Since the water crisis has begun, poorer areas of Detroit have been disproportionately affected by the shut offs. Although the purported logic for the shut offs is to force able residents to pay their water bills, these shut offs are being imposed on Detroit’s most vulnerable citizens, likely those who need publicly funded water the most. Simultaneously, more than half of the city’s commercial assets are indebted to the municipal government but are not facing shut offs. The Red Wings Hockey Arena and Ford Football Stadium owe tens of thousands of dollars each, and Detroit’s commercial sector owes in total $30 million in water bills. Yet all of these businesses’ taps have continued to flow without interruption. Detroit’s water crisis is not merely a reflection of the inability of low-income residents to pay, but also of a poorly designed water policy’s disproportionate impact on those who cannot advocate for themselves.
Residential Segregation in Motor City
Detroit is one of the most racially and socio-economically segregated metropolitan areas in the United States, and this standing informs the context of its current water crisis. Eighty-three percent of its residents are black, and, as previously mentioned, thirty-eight percent are living in poverty. There is a correlation between racial segregation and class segregation, and in Detroit’s case, perhaps most indicative of this state of affairs is Eight Mile Road. It separates the heart of the city from the northern suburbs, and has historically served as a divide between the city’s black and economically disenfranchised residents from the predominantly wealthier and white population of the suburbs to the north. The water crisis has reflected this segregation—while neighborhoods south of Eight Mile Road have been targeted by water shut offs, areas north of the line have been relatively undisturbed.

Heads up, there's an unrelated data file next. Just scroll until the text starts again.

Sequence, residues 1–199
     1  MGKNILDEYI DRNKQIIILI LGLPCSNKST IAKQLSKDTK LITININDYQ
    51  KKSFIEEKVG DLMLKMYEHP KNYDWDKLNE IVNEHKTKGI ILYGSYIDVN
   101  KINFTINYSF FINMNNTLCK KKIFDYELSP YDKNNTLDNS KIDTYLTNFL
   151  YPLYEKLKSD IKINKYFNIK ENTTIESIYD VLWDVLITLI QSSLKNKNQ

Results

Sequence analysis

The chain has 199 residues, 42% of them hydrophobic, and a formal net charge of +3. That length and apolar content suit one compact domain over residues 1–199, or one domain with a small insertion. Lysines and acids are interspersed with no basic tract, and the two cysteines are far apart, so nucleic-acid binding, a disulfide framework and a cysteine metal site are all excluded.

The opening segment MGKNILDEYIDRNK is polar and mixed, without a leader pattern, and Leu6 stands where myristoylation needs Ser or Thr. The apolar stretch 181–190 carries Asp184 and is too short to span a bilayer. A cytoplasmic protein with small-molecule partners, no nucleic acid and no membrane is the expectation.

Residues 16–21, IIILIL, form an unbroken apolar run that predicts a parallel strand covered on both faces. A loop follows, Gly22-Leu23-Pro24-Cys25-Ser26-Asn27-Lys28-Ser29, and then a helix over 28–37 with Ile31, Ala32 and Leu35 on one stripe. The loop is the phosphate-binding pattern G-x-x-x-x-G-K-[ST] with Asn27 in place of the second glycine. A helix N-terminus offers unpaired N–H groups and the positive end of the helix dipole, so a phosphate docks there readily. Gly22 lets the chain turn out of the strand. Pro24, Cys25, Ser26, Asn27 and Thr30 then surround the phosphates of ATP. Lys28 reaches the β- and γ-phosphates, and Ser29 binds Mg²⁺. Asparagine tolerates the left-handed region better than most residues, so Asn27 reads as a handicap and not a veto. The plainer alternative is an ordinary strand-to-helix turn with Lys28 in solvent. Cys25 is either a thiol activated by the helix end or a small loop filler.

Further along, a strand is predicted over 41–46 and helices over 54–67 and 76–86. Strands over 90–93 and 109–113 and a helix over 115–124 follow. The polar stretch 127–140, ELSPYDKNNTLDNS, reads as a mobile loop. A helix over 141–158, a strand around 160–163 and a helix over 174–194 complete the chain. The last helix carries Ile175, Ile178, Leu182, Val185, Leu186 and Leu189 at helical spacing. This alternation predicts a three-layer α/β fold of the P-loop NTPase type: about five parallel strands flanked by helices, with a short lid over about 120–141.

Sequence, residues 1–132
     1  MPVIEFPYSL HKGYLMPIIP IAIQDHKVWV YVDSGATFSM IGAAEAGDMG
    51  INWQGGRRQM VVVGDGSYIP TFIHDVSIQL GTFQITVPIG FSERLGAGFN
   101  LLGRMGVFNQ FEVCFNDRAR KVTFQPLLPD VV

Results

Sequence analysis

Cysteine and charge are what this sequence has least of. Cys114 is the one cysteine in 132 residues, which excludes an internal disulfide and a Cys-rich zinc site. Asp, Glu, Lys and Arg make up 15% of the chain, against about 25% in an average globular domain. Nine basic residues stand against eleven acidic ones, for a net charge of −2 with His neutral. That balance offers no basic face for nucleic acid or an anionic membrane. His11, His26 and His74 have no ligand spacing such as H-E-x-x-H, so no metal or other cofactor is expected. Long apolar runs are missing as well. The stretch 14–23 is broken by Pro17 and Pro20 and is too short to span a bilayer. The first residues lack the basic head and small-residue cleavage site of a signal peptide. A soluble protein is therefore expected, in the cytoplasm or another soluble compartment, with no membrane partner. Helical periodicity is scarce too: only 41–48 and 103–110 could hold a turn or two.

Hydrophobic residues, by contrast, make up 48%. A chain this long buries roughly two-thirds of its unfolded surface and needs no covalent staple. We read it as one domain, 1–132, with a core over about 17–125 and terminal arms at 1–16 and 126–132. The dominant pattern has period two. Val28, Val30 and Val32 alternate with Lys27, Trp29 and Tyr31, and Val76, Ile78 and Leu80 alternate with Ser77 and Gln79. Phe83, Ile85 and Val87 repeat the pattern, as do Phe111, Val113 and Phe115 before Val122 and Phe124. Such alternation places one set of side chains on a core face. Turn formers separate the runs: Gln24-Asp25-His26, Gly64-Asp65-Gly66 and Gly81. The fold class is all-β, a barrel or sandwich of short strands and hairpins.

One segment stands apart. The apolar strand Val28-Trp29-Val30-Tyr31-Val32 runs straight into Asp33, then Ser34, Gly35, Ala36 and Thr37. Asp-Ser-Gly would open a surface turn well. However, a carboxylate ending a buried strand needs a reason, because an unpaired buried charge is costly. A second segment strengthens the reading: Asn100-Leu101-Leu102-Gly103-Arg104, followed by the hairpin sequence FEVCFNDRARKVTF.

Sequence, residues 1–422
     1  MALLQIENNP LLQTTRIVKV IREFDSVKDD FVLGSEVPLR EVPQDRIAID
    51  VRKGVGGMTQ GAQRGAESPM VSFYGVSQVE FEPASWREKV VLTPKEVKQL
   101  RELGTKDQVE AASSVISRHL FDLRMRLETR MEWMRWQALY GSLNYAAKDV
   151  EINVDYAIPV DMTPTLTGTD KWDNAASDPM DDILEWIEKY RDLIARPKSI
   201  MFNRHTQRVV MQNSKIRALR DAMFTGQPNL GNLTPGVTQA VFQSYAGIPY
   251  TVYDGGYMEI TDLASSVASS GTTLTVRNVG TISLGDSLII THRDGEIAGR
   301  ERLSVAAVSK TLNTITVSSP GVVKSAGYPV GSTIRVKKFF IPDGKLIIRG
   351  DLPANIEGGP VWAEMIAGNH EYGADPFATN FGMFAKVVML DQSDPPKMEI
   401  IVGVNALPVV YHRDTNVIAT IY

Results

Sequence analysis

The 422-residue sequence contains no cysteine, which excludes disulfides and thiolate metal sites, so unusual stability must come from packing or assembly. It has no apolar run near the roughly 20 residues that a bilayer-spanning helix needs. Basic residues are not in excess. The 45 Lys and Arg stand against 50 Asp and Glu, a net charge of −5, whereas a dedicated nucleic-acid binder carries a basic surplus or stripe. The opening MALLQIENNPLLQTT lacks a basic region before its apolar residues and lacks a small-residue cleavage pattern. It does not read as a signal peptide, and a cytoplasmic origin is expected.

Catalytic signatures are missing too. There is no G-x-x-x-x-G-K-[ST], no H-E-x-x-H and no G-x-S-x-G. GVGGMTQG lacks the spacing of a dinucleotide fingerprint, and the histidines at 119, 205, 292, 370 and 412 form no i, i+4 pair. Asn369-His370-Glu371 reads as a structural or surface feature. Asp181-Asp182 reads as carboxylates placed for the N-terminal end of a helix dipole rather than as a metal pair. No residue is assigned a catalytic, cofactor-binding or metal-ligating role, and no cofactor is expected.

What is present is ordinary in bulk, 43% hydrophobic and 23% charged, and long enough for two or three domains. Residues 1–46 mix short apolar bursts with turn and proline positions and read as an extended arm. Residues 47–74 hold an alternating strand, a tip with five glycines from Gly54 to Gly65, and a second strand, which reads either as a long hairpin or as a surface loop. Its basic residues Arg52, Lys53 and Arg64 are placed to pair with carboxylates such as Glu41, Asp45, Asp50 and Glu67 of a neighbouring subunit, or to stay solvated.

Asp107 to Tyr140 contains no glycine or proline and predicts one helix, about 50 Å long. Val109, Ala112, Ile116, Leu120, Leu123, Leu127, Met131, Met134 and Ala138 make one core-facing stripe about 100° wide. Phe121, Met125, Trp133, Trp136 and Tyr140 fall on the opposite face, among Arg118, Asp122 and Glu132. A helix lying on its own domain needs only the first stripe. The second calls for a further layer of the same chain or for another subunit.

Myths of urban development have served to exacerbate these realities of separate and unequal in Detroit. Practices of redlining and gentrification in the guise of urban development projects have contributed to the upward movement of the wealthy at the cost of the further disenfranchisement of those who were socioeconomically disadvantaged to begin with, and the racial implications of such pointed economic segregation are difficult to ignore.
In 1974, Detroit was the center of Miliken v. Bradley, in which the Supreme Court of the United States ruled that de facto segregation was permissible under the Constitution. The white population of the city lashed out at the influx of black migrants during the Great Migration both economically and through direct physical violence. Partly as a result of the economically discriminatory practice of redlining, the Detroit public school system was nearly two-thirds black by the early 1970s. The lawsuit filed by the National Association for the Advancement of Colored People (NAACP) argued that although Detroit’s public schools did not officially mandate racial segregation, the city’s residential policies had enabled racially segregated educational facilities. However, the Court held that unless racist intent could be proven, racial segregation as a result of neutral policies was constitutional.